Microsoft SQL Server 2005 end of life is quickly approaching. Microsoft will reach end of support on April 12th, 2016. Just as we have recently seen support end for Windows XP and Windows Server 2003, it is now time to say goodbye to SQL Server 2005.
What Does End of Support Mean?
Microsoft’s support lifecycle has two distinct phases including mainstream support and extended support. Each phase lasts roughly 5 years for a total of 10 years of support for the product. When a product is in mainstream support Microsoft provides feature patches/updates, technical support, and security hot fixes. But when the support lifecycle enters extended support Microsoft no longer provides feature patches/updates and only provides technical support and security hot fixes. Finally, once a product reaches the end of extended support Microsoft will no longer provide technical support or security hot fixes.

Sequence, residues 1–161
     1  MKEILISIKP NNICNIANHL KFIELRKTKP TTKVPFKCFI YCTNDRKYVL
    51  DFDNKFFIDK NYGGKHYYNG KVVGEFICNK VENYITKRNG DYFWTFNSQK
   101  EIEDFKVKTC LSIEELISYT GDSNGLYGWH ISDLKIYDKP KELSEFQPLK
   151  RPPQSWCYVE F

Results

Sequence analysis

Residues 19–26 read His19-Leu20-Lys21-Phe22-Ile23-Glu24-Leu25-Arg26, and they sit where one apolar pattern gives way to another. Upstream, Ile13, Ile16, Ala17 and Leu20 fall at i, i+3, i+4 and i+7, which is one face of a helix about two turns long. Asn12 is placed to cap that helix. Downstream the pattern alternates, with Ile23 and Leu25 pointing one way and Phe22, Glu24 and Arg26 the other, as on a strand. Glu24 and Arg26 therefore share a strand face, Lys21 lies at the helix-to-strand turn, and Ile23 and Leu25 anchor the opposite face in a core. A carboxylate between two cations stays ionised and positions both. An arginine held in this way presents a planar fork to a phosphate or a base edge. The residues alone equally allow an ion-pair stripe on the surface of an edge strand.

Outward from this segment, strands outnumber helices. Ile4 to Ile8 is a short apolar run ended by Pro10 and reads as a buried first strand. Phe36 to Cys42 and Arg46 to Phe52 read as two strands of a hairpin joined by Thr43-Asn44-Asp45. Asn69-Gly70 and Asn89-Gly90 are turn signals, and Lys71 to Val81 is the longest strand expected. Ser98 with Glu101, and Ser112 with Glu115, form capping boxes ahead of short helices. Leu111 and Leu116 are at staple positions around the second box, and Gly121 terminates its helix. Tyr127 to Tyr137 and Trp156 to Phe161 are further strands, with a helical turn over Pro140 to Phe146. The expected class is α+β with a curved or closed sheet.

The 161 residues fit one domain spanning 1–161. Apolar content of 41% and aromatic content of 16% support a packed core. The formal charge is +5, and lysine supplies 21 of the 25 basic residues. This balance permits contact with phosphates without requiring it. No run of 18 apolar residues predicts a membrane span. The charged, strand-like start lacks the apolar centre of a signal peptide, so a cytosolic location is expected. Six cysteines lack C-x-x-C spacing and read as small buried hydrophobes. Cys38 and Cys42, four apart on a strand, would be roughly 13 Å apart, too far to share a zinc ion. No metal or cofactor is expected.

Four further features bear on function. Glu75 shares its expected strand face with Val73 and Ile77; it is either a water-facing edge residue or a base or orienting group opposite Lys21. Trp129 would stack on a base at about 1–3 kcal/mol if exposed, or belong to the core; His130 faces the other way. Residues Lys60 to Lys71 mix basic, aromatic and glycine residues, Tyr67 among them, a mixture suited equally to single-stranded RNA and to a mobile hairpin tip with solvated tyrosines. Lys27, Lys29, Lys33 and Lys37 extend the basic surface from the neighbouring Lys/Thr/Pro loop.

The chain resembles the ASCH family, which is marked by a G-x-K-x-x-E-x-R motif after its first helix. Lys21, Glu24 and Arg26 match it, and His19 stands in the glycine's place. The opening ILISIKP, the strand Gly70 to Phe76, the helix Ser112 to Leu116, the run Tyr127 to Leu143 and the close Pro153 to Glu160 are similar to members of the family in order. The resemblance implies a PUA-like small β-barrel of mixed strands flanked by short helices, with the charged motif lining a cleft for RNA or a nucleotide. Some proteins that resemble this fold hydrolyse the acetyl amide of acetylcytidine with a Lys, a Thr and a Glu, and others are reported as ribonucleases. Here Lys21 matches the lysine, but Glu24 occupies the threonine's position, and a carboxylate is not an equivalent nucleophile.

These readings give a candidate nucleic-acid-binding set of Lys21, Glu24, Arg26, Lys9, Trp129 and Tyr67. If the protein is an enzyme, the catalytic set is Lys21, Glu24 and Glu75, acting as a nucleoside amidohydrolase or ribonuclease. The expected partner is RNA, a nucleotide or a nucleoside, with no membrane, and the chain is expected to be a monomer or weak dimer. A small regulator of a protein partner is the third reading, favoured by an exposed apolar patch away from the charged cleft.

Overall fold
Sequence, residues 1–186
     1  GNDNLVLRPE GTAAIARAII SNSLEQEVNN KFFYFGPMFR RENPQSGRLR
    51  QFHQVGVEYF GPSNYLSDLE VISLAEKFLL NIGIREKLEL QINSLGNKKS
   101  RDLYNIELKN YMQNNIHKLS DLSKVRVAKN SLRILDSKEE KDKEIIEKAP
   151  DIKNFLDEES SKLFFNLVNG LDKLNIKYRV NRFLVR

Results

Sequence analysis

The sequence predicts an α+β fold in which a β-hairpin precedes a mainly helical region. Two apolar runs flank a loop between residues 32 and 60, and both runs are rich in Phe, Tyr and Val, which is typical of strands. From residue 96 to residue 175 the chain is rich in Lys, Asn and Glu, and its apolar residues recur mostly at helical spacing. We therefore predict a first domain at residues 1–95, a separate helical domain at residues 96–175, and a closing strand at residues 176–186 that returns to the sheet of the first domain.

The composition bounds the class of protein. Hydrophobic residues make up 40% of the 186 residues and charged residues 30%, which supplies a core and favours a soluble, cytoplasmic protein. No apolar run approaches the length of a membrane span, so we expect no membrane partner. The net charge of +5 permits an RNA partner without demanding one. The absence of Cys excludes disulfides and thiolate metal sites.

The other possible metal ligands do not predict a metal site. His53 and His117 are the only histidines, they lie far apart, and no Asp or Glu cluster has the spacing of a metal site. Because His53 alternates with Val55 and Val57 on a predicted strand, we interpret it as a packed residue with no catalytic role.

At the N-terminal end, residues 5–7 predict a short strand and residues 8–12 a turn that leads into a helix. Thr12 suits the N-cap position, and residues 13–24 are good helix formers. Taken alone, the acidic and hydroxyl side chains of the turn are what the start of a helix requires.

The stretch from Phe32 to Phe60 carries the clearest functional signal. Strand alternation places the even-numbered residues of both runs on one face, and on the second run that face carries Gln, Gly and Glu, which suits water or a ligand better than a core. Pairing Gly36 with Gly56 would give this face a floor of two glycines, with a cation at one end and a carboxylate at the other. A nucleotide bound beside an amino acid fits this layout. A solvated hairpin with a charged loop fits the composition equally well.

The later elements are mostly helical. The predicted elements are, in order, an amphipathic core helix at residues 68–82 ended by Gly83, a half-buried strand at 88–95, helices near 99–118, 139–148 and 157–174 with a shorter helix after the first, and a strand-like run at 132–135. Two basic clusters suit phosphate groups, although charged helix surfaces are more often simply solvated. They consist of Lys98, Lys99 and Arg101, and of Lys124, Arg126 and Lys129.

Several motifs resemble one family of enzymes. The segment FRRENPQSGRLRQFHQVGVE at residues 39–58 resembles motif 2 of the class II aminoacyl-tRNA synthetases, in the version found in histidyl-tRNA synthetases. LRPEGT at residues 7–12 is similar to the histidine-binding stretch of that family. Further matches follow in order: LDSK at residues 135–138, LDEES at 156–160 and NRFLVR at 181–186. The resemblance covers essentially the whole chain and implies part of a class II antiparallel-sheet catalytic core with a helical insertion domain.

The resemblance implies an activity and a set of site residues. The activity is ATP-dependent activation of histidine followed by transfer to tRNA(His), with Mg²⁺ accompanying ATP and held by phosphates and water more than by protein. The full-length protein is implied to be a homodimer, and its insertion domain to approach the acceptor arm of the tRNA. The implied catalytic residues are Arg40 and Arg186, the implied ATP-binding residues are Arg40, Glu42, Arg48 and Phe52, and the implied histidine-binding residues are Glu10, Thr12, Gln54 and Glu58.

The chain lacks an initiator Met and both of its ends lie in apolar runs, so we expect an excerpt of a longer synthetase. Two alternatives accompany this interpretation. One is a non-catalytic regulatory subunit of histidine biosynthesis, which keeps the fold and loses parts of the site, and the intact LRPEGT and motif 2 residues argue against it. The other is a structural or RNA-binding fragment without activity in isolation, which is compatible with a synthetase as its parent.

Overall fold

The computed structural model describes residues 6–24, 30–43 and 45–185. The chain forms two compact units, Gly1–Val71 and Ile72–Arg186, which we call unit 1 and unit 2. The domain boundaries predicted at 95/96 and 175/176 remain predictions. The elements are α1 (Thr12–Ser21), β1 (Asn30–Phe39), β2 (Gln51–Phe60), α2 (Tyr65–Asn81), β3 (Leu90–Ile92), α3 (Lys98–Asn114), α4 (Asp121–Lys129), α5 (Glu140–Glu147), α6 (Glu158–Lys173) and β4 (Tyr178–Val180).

In specific cases Microsoft does offer custom support agreements at hefty price. For example, the UK Government is paying Microsoft roughly 5.5 million pounds to support Windows XP for an additional 12 months. For most of us this approach will not be an option.
What are the Risks?
While it may be easy to rationalize why you don’t need to upgrade legacy SQL Server 2005 deployments, it is important to take into account the risks and possible costs.
SQL Server 2005 end of life is here. The push is on to migrate to newer editions. #cdwsolutionsblog
How can CDW Help?
CDW has the experts to help you modernize your SQL Server environment. Through our planning and design engagements we can recommend the best approach for upgrade, migration, and consolidation to ensure your future state environment will meet your business requirements. For more information see the CDW SQL Server homepage and ask your CDW Account Manager how we can help.
In the coming weeks we will be delivering additional posts on the CDW Solutions Blog to discuss options for upgrading, walk through an example upgrade, and discuss some of the great capabilities you can leverage in newer versions of SQL Server.